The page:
The Yogic View of Consciousness 17: Yoga and Quantum Mechanics II

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YVC 17 cover2After our trip through the Looking Glass, we close out discussing bindus in a perhaps anti‑climatic fashion by looking at how yoga and quantum mechanics both agree that we can’t know everything all the time.

 

Contents for The Yogic View of Consciousness:

Intro Ch 1 Ch 2 Ch 3 Ch 4 Ch 5 Ch 6 Ch7 Ch 8
Ch 9 Ch 10 Ch 11 Ch 12 Ch 13 Ch 14 Ch 15 Ch 16 Ch 17
Ch 18 Ch 19 Ch 20 Ch 21 Ch 22 Ch 23 Ch 24 Ch 25 Ch 26
Ch 27 Ch 28 Ch 29 Ch 30 Ch 31 Ch 32 Ch 33

 

[A couple quick notes: (1) Thanks for your patience since the last chapter of Yogic View of Consciousness, and (2) the comic images used above are from Wendy Pini’s classic comic book Elfquest (see also Wikipedia if you wish) The images are used under Fair Use and illustrate quite beautifully the theme of this chapter.]

The previous chapter explained how quantum mechanics (QM) draws on the mathematical pattern expressed by a Fourier transform and superimposes it over the behavior of very, very small natural system. The key insight to come from this exercise was the Uncertainty Principle. Patanjali‘s Yoga Sutras had things to say about the ultra-small and about the uncertainty of things that help put the insights of QM in a larger context.

Aṇimā Siddhi
There is one aphorism in the Yoga Sutras pertaining to very small natural systems, and it seems  appropriate to begin with it. It is 3.26:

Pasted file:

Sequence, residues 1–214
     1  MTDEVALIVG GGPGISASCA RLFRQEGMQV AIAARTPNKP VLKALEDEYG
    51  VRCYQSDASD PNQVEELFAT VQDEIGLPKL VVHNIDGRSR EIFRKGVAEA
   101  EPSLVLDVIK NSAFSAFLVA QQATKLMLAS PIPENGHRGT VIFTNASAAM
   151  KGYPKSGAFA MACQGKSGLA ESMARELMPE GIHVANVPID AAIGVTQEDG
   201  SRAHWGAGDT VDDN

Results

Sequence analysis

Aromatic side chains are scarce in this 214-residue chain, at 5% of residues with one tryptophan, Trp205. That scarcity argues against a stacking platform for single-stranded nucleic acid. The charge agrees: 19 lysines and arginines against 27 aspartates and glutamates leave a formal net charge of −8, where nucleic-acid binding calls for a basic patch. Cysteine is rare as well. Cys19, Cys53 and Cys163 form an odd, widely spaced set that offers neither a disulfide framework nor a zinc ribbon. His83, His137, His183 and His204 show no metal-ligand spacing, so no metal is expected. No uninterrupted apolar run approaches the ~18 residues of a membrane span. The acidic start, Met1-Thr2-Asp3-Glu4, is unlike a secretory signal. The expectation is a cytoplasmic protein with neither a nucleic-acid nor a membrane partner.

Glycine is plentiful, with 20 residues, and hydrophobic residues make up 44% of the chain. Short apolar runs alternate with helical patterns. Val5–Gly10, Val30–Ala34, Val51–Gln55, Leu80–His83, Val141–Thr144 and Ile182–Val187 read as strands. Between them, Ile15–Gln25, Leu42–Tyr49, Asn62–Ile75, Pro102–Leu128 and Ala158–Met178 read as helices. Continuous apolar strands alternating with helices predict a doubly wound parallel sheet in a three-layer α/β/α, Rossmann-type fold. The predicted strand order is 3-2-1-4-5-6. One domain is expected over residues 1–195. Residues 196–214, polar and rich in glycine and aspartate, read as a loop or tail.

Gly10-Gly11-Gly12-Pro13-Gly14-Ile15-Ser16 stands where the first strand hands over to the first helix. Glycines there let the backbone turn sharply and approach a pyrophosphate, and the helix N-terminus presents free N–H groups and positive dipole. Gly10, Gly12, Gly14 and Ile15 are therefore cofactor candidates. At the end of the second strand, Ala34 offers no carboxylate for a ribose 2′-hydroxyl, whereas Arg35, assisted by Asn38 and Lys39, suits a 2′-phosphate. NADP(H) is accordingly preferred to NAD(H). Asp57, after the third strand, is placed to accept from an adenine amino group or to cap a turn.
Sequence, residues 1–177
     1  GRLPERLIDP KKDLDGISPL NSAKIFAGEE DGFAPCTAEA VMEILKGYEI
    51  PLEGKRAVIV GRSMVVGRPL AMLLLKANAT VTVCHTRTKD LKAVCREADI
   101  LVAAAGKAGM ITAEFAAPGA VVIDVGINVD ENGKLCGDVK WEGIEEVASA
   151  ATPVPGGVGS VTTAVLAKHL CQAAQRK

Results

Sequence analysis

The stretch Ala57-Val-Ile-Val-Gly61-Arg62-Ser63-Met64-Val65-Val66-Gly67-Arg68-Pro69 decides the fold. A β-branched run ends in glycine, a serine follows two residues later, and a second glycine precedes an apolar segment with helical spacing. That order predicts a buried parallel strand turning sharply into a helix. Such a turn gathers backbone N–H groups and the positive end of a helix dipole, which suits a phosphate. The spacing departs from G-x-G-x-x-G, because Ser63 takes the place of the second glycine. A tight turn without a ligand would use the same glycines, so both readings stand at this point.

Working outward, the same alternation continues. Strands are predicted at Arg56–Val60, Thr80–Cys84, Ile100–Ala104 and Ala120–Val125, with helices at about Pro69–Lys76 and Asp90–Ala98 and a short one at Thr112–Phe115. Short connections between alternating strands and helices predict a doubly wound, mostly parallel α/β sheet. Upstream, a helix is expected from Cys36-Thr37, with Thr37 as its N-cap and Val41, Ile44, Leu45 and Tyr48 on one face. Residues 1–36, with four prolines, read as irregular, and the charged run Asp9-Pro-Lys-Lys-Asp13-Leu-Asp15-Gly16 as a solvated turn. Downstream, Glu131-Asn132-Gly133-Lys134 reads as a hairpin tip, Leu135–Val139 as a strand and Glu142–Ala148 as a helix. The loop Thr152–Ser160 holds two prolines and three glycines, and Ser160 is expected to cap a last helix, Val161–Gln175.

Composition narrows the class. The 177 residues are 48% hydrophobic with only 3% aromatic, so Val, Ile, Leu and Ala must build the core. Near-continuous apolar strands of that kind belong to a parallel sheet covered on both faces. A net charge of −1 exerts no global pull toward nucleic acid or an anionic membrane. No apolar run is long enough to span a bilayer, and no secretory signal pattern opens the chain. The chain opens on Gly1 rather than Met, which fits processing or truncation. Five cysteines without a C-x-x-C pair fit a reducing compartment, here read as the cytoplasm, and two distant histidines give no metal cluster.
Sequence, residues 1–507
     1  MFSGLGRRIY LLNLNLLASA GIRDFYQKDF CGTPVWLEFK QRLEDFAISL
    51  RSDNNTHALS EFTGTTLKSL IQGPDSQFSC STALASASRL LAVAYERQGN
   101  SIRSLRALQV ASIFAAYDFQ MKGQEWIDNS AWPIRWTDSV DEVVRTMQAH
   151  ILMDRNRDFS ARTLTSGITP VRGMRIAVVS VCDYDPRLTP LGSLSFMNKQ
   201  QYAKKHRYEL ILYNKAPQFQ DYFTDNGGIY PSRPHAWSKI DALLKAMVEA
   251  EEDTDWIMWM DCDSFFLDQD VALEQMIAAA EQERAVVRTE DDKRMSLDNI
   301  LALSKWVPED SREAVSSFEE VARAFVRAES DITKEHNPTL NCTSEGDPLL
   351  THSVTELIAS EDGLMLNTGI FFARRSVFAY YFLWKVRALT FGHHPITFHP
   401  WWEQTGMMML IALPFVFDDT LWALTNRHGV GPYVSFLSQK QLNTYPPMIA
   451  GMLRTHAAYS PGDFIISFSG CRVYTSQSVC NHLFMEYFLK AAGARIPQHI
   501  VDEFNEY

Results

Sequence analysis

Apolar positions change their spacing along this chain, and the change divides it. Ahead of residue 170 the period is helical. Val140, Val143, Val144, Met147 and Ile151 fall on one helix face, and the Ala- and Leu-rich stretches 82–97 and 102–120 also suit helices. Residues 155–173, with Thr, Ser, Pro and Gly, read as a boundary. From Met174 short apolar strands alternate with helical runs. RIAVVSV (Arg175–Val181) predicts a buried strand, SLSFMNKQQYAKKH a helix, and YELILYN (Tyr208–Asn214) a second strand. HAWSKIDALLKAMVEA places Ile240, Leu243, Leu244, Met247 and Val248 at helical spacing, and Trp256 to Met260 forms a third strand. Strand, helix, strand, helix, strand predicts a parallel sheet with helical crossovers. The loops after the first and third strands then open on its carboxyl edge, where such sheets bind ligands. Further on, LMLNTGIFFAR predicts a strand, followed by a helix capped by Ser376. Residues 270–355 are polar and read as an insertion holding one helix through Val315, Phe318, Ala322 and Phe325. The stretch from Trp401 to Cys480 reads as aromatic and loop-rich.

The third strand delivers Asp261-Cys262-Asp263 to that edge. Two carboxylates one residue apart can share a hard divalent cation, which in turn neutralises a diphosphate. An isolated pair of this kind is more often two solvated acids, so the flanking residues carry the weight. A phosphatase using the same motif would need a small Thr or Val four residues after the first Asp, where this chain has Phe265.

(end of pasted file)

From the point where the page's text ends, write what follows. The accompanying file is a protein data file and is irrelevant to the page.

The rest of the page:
A3.26
Taimni translates this as:

“Knowledge of the small, the hidden or the distant by directing the light of superphysical faculty.”

Here it is claimed that one who has developed relatively advanced skill with samadhi can perceive phenomenon not accessible to our physical senses. The list includes: (1) very small systems, (2) things hidden from physical perceptions (the “subtle”, e.g. the nonphysical planes), and (3) things that are far away—distant—from immediate sensory access.

This is an example of a siddhi obtained through yoga practice. As I briefly described in Chapter 3 of What is Science? siddhis are the “super-powers” one can obtain via advanced yoga practices. The siddhi described in aphorism 3.26 has been dubbed aṇimā. Two sources that discuss aṇimā are: (1) C.W. Leadbeater’s book Clairvoyance, and (2) Stephen M. Phillips book Extra-sensory Perception of Quarks. I will briefly summarize each source.